The Taliban detainees – known as the "Taliban Five"  – who were transferred from Guantanamo Bay, Cuba, to custody in Doha, Qatar, are Mohammad Fazl, Khairullah Khairkhwa, Abdul Haq Wasiq, Norullah Noori, and Mohammad Nabi Omari.  They were the Taliban army chief of staff, a Taliban deputy minister of intelligence, a former Taliban interior minister, and two other senior Taliban figures. 
Some Republican members of Congress have said that the prisoner swap that led to Bergdahl's release may have been illegal.  The National Defense Authorization Act for Fiscal Year 2014 (NDAA) mandates that all prisoner transfers from Guantanamo Bay require 30 days' notice to Congress, which was not done in this case.  When President Barack Obama signed the bill, he released a signing statement saying that the restriction interfered with the president's executive power as commander-in-chief. 
The White House released a statement acknowledging that the release of the Guantanamo prisoners did not comply with the NDAA provision, but cited the president's signing statement and "unique and exigent circumstances" as justification.   One year earlier, Jay Carney (then-spokesperson for the White House) had assured the press that the decision to free Bergdahl would be made only after consulting Congress, in accordance with said law. 
Release efforts Edit
For months, U.S. negotiators sought to arrange the transfer of five Taliban detainees held at Guantanamo Bay detention camp to the Persian Gulf state of Qatar. The transfer was intended as one of a series of confidence-building measures designed to open the door to political talks between the Taliban and Afghan President Hamid Karzai's government.  That move – at the center of U.S. strategy for ending the long, costly conflict in Afghanistan – was supposed to lead directly to Bergdahl's release. The Taliban has consistently called for the United States to release those held at Guantanamo Bay in exchange for freeing Western prisoners. But the Guantanamo transfer proposal ground to a halt when the Taliban rejected U.S. conditions designed to ensure transferred Taliban would not slip away and re-emerge as military leaders.  Ultimately, the Obama administration agreed to the prisoner exchange, allowing Bergdahl to be released on May 31, 2014.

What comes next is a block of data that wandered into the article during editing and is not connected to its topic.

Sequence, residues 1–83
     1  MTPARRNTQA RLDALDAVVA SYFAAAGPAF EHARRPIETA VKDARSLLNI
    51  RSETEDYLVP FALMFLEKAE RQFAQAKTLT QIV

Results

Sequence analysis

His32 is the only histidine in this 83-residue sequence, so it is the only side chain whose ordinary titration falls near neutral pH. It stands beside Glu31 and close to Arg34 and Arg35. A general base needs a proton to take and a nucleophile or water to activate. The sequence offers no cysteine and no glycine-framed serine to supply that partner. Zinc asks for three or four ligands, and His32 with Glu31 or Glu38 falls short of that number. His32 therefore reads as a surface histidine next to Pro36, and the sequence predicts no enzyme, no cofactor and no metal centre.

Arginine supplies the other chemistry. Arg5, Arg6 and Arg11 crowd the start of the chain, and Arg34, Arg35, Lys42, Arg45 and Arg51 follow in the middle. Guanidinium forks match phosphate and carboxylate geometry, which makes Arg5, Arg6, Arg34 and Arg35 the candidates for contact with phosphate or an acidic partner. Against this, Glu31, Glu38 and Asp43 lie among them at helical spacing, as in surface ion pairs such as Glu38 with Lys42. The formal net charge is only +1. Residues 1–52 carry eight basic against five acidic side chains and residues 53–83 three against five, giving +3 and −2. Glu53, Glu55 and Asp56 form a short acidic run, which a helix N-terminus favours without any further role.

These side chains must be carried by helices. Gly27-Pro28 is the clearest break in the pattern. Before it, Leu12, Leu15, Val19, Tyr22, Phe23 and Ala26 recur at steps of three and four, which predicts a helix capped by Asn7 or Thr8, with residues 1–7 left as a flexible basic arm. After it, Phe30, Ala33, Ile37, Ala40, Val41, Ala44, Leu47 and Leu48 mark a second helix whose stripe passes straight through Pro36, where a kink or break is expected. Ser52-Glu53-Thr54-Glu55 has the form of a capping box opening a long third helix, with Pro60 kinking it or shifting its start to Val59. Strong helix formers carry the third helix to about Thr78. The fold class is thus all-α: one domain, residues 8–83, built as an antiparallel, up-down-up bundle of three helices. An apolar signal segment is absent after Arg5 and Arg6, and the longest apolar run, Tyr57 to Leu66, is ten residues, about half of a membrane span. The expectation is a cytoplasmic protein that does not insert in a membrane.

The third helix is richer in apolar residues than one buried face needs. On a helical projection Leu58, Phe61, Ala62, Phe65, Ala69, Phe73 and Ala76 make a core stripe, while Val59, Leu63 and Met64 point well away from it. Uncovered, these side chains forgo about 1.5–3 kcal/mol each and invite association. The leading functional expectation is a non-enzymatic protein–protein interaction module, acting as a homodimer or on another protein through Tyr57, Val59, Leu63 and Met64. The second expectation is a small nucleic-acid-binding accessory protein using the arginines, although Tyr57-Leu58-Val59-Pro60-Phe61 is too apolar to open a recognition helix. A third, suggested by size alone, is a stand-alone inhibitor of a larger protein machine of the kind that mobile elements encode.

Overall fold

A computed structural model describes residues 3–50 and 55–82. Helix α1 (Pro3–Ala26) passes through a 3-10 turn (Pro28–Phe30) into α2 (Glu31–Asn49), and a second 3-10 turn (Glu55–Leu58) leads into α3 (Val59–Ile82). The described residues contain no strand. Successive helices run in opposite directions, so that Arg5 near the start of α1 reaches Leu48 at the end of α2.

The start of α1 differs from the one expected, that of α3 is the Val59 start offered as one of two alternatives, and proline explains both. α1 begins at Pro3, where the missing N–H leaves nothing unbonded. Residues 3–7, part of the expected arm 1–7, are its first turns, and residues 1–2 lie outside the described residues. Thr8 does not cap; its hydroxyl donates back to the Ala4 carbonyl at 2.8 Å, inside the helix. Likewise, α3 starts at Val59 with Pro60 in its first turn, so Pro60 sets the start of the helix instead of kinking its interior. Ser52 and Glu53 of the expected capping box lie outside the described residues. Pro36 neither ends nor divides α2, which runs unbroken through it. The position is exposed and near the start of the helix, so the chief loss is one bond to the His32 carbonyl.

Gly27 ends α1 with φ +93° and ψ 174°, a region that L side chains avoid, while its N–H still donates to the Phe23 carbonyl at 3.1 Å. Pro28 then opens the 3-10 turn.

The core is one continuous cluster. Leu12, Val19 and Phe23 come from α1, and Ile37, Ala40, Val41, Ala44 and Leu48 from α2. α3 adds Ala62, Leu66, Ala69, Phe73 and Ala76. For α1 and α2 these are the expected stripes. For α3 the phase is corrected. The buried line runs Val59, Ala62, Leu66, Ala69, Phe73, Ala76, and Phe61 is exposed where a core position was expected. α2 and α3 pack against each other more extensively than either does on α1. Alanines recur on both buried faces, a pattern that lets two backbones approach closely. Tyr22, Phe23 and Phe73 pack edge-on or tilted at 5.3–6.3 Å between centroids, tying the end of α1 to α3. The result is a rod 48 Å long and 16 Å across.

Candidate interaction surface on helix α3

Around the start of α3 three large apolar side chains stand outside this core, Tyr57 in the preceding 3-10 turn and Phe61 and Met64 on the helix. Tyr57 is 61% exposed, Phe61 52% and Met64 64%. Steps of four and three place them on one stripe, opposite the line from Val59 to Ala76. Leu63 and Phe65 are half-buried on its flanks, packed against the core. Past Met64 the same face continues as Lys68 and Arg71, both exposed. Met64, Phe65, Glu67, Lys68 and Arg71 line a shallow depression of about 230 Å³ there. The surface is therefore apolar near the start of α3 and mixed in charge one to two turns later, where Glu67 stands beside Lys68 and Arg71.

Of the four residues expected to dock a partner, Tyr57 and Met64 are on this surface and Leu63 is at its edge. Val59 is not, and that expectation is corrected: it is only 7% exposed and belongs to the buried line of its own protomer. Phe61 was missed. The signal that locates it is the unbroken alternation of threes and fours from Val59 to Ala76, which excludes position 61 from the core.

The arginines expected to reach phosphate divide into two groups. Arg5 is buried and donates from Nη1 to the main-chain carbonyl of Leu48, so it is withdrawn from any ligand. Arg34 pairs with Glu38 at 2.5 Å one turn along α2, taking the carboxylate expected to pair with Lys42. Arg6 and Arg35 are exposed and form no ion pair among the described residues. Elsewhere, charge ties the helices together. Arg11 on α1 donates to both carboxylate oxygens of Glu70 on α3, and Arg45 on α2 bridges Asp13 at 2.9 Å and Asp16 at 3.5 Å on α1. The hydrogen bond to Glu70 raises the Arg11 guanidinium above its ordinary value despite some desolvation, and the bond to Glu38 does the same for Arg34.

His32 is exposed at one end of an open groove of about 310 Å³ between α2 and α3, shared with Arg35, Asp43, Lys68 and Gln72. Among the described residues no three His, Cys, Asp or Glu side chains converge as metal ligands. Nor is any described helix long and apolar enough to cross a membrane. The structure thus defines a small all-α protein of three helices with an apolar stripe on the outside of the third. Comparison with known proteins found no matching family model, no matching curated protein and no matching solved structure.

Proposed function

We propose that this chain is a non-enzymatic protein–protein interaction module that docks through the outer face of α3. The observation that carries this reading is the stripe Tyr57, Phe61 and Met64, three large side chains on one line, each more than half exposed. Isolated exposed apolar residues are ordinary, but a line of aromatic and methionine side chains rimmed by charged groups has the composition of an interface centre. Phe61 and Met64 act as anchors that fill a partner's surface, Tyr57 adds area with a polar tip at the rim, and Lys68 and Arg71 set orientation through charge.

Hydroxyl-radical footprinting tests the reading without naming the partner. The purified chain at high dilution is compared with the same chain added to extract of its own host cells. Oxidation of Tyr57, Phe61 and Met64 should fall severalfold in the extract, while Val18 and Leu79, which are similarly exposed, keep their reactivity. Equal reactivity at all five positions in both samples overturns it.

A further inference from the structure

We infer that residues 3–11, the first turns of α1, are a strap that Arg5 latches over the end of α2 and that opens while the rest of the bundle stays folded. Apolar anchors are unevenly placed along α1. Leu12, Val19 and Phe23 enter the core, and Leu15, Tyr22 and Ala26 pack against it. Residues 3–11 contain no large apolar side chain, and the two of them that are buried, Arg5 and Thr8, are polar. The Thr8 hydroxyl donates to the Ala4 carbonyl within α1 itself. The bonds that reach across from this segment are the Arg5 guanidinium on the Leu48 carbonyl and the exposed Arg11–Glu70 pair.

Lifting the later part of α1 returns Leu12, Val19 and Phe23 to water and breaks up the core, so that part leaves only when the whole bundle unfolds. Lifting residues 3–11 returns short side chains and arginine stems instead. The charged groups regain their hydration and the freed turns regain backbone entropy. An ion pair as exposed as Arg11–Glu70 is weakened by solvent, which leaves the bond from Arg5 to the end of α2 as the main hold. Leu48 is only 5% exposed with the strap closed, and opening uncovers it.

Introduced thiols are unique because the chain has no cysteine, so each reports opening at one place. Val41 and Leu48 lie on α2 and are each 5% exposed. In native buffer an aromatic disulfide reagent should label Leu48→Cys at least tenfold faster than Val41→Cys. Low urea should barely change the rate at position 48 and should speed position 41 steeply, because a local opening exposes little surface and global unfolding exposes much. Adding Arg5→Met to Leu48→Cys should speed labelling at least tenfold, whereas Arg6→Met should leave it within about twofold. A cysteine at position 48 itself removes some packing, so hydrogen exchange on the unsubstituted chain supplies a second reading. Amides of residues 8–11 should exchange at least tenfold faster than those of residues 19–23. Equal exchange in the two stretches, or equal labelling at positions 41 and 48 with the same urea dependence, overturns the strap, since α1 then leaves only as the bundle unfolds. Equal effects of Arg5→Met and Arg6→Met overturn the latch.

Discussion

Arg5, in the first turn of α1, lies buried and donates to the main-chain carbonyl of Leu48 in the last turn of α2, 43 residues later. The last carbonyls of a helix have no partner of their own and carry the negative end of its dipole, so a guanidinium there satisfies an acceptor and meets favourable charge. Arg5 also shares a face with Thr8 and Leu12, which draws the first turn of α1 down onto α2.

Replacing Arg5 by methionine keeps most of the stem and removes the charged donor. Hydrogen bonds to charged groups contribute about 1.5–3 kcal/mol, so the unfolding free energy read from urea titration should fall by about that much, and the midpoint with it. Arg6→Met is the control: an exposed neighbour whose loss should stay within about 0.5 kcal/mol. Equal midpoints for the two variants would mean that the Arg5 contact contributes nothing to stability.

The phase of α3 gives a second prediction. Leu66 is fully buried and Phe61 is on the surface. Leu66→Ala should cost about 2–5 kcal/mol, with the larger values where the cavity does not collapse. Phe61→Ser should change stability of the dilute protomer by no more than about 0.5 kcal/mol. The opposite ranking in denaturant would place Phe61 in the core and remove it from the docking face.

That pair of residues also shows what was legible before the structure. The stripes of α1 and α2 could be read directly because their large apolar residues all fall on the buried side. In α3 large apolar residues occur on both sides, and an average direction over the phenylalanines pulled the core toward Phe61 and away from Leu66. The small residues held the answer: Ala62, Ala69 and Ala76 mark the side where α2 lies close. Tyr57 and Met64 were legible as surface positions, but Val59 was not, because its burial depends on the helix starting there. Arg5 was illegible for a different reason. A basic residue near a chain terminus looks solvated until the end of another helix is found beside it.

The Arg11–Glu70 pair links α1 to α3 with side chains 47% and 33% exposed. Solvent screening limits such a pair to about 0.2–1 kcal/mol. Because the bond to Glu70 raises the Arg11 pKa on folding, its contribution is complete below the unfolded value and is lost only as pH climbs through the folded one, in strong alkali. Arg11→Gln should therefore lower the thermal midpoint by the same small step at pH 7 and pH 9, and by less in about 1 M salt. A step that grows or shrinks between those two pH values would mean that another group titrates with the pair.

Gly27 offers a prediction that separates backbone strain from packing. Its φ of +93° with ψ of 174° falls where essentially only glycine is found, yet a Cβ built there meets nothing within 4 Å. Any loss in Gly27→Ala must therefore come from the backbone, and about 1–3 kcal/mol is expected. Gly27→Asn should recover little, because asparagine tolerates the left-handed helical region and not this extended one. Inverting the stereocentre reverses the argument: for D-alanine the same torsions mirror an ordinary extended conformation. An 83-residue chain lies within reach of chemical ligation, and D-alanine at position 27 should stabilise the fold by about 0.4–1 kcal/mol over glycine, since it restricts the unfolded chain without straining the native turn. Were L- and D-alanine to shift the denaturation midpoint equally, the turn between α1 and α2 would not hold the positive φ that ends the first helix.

White House Rose Garden ceremony Edit
On May 31, 2014, President Obama appeared with Bob and Jani Bergdahl in the White House Rose Garden where he delivered a speech about the prisoner swap that resulted in the recovery of their son. 
Return to duty Edit
On July 13, 2014, it was reported that Bergdahl would return to duty at Fort Sam Houston in San Antonio, Texas. This was confirmed by Army officials on July 14, with a spokeswoman saying that "He will now return to regular duty within the command where he can contribute to the mission."  In 2015, he was serving as a clerk however, the "military taboo surrounding desertion is such that he had to have a security detail to guard him from possible attacks from his fellow soldiers." 
Debate over negotiations Edit
Mike Rogers, chairman of the House Intelligence Committee said he was "extremely troubled" and that "This fundamental shift in U.S. policy signals to terrorists around the world a greater incentive to take U.S. hostages".  This sentiment was repeated by Congressmen Buck McKeon and James Inhofe, who released a joint statement saying that terrorists now have a "strong incentive" to capture more soldiers.  Ted Poe, chairman of the House Foreign Affairs Subcommittee on Terrorism, Nonproliferation, and Trade, said the Bergdahl exchange appeared to violate the United States policy of not negotiating with terrorists.  Anderson Cooper asked White House spokesman Jay Carney if it can "still be said that the United States does not negotiate with terrorists" to which Carney replied: